He's busy enough with the real thing, but judging by the NFL's statistical leaders after two weeks, Jon Gruden would do well in fantasy football.
As Bucs fans have discovered, Tampa Bay's coach loves veterans, and though the natural tendency in fantasy leagues is toward younger players with big upsides, the early fantasy leaders of 2004 have been from the over-30 gang, albeit not from Gruden's over-30 gang.
Take the Jets' Curtis Martin, who at 31 is the NFL's top fantasy player, rushing for a league-high 315 yards and scoring four touchdowns. He has been remarkably consistent throughout his 10-year career, rushing for at least 1,000 yards every season, but he fell off the fantasy radar last year.
Despite rushing for 1,308 yards, Martin couldn't find the end zone, getting his first touchdown in Week 12 and finishing with two. And that scared off owners. He was the 25th running back taken on average in ESPN.com leagues, written off as a player whose best numbers were many Sundays ago.
I gambled in the opposite direction, using my last pick on LaMont Jordan, the fourth-year back who has been labeled as Martin's heir apparent since entering the league. I've already dropped Jordan, who has one carry for 2 yards and would need a serious injury to Martin to merit any consideration.
Who thought 40-year-old Vinny Testaverde would open with consecutive 300-yard games for Dallas? He entered Monday's game with 120 more passing yards than any other quarterback.
If you can look past his age, consider his numbers from his last healthy season under Bill Parcells, in 1998 with the Jets: 3,256 yards, 29 touchdowns and seven interceptions.
Testaverde shouldn't be a fantasy starter, especially with a tough Monday night game against Washington this week. He's worth stocking on your roster just in case you lose your starter to an injury.
Other veterans overlooked in drafts? Arizona's Emmitt Smith, 35, already has matched his touchdown total from last season with two, and Oakland's Rich Gannon, 38, is fifth in the league with 514 yards and a respectable three touchdowns.
It's hard to be surprised by two former MVPs, but owners have a short memory.
MOVE OVER, ROGER CRAIG: Is Houston's Domanick Davis the new Marshall Faulk? Davis has been the league's No. 3 fantasy back through two games, and a big reason is his pass-catching ability.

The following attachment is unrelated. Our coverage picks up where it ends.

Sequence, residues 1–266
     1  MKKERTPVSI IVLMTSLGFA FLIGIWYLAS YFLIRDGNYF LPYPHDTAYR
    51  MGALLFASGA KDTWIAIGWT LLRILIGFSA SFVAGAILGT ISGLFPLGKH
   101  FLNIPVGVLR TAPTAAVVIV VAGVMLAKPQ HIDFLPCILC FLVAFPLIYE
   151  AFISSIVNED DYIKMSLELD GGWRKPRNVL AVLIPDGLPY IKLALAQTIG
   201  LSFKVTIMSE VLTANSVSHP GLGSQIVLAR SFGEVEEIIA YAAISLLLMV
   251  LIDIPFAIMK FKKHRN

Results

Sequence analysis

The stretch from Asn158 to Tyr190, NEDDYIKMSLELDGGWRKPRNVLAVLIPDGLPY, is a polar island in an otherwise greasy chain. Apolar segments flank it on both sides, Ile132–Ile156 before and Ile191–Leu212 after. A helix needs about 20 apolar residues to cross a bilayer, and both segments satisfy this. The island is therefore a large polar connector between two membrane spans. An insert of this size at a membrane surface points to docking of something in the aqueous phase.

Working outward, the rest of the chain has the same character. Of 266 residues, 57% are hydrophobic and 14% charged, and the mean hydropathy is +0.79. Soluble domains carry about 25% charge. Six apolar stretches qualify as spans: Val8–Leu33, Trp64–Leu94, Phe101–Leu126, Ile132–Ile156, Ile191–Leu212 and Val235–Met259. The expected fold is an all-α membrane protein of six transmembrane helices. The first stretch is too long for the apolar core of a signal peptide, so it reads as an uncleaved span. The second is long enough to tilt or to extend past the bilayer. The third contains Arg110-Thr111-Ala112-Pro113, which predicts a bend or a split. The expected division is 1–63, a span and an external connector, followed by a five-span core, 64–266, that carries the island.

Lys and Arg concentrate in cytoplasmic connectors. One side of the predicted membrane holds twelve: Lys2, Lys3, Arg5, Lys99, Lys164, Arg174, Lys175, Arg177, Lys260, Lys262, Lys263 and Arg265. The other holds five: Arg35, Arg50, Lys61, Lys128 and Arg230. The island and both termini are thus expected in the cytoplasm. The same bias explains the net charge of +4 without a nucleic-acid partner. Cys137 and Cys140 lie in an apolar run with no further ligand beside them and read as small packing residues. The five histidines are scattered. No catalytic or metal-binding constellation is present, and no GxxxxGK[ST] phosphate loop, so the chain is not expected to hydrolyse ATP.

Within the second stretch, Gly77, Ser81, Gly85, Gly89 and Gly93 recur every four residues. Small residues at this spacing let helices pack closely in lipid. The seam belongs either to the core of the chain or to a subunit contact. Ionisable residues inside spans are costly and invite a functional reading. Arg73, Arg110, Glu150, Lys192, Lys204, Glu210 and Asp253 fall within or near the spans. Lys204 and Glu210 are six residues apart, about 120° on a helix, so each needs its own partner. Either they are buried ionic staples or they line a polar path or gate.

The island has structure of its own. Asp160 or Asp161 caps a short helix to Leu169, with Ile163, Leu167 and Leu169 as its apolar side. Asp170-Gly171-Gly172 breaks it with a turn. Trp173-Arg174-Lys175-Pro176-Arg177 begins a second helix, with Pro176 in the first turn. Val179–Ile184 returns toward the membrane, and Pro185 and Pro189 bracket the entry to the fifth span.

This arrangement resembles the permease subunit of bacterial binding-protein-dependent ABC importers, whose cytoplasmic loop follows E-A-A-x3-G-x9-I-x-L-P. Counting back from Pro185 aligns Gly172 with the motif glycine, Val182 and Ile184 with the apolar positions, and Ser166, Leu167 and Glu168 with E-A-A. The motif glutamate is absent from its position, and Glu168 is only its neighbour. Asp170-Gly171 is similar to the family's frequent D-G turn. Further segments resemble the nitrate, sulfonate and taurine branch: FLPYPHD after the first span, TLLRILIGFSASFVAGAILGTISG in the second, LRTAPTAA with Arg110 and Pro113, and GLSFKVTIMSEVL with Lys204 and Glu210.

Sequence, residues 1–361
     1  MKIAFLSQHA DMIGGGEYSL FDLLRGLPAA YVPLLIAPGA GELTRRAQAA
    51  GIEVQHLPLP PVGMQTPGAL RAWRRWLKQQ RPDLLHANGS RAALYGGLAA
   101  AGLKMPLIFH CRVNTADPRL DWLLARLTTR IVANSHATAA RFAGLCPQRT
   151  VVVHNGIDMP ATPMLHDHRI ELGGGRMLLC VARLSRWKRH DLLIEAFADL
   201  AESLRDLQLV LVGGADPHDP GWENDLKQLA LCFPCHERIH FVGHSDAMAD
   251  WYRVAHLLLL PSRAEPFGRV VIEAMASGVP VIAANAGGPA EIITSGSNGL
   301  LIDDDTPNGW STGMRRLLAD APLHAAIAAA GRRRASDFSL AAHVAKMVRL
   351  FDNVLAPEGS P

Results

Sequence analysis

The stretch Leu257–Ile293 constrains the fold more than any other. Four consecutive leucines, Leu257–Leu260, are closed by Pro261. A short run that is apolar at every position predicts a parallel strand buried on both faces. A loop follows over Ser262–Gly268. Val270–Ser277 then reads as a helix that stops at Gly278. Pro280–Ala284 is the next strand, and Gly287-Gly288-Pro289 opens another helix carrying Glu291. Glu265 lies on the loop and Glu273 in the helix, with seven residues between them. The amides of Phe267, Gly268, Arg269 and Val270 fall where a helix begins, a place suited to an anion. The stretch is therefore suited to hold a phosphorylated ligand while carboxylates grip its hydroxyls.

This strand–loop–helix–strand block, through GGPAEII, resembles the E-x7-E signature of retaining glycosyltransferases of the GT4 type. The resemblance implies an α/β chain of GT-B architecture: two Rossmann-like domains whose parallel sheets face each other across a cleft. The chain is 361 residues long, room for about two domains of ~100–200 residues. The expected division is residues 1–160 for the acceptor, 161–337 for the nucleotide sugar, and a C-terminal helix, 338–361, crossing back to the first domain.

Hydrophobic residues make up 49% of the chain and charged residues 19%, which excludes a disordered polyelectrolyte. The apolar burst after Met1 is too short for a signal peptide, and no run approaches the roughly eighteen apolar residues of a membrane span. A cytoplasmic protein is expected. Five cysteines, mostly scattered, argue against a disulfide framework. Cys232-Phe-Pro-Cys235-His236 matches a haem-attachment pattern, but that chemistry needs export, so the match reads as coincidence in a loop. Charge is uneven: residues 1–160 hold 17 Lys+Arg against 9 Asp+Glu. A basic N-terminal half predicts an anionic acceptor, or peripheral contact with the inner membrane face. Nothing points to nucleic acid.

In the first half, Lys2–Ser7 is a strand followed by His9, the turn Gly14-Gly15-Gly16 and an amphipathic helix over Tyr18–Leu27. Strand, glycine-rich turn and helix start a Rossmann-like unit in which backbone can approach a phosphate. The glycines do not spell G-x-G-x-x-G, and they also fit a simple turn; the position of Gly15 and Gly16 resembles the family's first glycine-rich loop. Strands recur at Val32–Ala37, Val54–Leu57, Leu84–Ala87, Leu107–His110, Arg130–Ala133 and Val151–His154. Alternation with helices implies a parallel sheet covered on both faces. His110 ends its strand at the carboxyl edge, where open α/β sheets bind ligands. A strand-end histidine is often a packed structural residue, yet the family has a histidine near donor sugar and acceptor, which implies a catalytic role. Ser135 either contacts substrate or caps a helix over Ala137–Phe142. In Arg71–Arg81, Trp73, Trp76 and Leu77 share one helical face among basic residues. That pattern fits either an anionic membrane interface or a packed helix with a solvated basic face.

Davis already has 15 receptions with as many receiving yards (165) as rushing. His season-high for receiving as a rookie last year was 70 yards. He already has done that twice.
The only knock against Davis matters if you're in a league that subtracts points for fumbles. He already has lost four.
Speaking of yards you don't associate with a position, Michael Vick's 109 rushing yards Sunday have to be encouraging for his owners. The Falcons quarterback has more rushing yards than Fred Taylor, Warrick Dunn and Charlie Garner .
DON'T PANIC: Kellen Winslow and Todd Heap owners, I'm talking to you.
Patriots tight end Daniel Graham is tied with Philadelphia's Terrell Owens with an NFL-best three touchdowns, part of an upside-down two weeks for the league's tight ends.
The best of the waiver-wire bunch is San Francisco's Eric Johnson, who missed last season with a broken collarbone but already has 13 catches for 146 yards.
Bonus points if you can name the team for Chris Cooley, ex-Buc Patrick Hape, Jeff Robinson and Mike Seidman, who already have touchdowns. Answer below.
PICKUP LINE: The best pickup might be 49ers receiver Curtis Conway, another overlooked veteran who has looked far better than the team's young options.
Conway has as many yards (136) as the other 49ers receivers, Brandon Lloyd, Cedrick Wilson, Arnaz Battle and first-round pick Rashaun Woods, combined.
TIGHT END ANSWERS: Redskins, Broncos, Cowboys and Panthers.
If you have a fantasy question or comment, send an e-mail to staff writer Greg Auman at aumansptimes.com.